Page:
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By Sarah Ward
June 23, 2014
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By Sarah Ward
June 23, 2014
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As a screenwriter, Hossein Amini's name has graced successful book-to-film adaptations of thriller Drive, romance The Wings of the Dove and drama Jude, so seeing the scribe make his directorial debut with his own version of Patricia Highsmith's The Two Faces of January is far from surprising. The perfect storm of themes and styles exists in a story wholly suited to the first-time filmmaker's penchant for flawed characters and psychological developments, as set in the golden labyrinthine delights of Greece in the early 1960s.

Forming a troika of trouble, sweet-talking, swindling tour guide Rydal (Oscar Isaac) meets wealthy American Chester MacFarland (Viggo Mortensen) and his younger wife, Colette (Kirsten Dunst), amidst Athens' famed Acropolis. He brands them an easy mark and they're wary of his overt charms, yet they all quickly — albeit tentatively — warm to each other's company. Their respective first impressions prove devious when the MacFarlands' past resurfaces. Soon, everyone is seemingly on the same side and on the run, but deception still reigns in their web of love, lies and larceny.

The film's moniker references the Roman god for whom the titular month is named, typically depicted as having a pair of heads — one looking to the past, one to the future. Parallels with the duo of strong-willed men at the movie's centre are obvious; however, that doesn't make them any less effective. Both visually and narratively, Amini cloaks his dual duelling leads in shadows that question their allegiances and motivations. With a languid pace, he ponders their connection and divergence as they continue to clash and contrast. Are they bound by more than bad choices, inopportune circumstances and a shared affection for Colette?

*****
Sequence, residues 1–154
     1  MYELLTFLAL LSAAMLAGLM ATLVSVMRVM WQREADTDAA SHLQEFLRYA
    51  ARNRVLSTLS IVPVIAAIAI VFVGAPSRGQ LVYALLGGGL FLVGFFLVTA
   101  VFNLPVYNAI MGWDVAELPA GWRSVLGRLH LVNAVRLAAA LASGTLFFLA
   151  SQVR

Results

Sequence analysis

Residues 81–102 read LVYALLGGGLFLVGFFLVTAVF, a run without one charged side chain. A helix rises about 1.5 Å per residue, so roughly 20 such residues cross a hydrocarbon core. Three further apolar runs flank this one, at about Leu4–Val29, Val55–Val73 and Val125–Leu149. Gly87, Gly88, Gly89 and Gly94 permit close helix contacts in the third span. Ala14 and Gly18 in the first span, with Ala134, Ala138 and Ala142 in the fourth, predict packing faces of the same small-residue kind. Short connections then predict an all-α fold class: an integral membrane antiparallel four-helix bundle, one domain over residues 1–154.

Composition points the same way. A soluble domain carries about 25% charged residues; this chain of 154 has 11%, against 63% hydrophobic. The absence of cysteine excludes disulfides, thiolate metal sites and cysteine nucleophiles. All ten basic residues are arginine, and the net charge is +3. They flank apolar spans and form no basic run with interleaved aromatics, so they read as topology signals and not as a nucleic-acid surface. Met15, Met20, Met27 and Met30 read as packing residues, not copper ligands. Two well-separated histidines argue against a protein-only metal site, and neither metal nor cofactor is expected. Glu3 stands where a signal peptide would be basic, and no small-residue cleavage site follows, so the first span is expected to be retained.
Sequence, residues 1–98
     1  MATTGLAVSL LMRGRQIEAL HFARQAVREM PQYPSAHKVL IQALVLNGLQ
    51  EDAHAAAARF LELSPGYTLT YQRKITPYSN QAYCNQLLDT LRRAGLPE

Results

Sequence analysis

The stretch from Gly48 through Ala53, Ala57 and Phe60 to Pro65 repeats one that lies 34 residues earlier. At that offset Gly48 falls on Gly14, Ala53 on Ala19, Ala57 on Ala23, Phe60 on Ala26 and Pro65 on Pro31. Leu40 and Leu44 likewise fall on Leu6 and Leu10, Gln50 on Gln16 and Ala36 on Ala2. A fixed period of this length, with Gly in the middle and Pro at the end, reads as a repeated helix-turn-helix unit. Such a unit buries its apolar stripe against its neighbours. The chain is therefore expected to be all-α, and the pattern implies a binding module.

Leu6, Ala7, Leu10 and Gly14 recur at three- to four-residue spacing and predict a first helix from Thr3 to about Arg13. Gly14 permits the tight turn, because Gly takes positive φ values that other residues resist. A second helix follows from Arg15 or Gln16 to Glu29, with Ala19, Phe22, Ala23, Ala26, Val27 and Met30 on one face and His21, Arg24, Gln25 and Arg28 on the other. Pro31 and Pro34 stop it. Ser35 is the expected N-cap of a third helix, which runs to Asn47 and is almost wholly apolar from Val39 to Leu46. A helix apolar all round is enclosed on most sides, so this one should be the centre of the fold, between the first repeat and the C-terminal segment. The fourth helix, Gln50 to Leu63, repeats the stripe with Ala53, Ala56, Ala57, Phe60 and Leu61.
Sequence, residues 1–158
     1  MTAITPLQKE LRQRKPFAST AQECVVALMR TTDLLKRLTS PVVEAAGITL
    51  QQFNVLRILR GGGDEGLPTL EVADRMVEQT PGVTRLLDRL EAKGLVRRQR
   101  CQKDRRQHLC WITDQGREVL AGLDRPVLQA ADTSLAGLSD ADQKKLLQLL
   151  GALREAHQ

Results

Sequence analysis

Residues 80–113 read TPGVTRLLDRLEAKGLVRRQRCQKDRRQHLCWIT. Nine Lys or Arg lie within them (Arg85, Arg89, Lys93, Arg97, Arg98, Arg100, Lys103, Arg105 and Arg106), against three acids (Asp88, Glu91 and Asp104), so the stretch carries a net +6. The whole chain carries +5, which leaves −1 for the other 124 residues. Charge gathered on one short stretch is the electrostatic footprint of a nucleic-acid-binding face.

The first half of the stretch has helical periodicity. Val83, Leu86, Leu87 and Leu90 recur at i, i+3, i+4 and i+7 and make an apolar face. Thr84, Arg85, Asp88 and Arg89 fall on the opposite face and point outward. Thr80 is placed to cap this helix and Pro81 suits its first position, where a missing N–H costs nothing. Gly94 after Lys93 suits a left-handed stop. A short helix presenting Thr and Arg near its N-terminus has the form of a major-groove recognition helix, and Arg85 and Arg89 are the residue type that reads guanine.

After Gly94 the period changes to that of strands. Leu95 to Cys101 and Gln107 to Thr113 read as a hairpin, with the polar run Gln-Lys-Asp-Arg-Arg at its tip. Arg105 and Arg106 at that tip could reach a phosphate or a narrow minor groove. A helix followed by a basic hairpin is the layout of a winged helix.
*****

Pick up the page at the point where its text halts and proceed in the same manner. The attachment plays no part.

Selling the constant tone of suspicious questioning is an excellent cast aptly pitched to explore the failings of their protagonists. It shows that Amini and Isaac have worked together previously, their pairing continuing to create rich, resonant characters. Likewise successful is Isaac's match with Mortensen and Dunst, with the film ever the tight three-hander. The former is finessed even as he slowly frazzles, while the latter is given a more assured role than much of the rest of her resume has been built upon.

Highsmith's works have earned cinema incarnations before, most notably Strangers on a Train and The Talented Mr. Ripley. Tense and intricate, paranoid and precise, similarities seethe through a feature that looks as exquisite as its tale proves smoothly unsettling. It may all build to a finale seen before in idea and execution, but there's no doubting the film's satisfying manoeuvring and old-fashioned refinement.

Read our interview with The Two Faces of January costume designer Steven Noble about developing the film's dreamy, 1960s Greek Isles look here.

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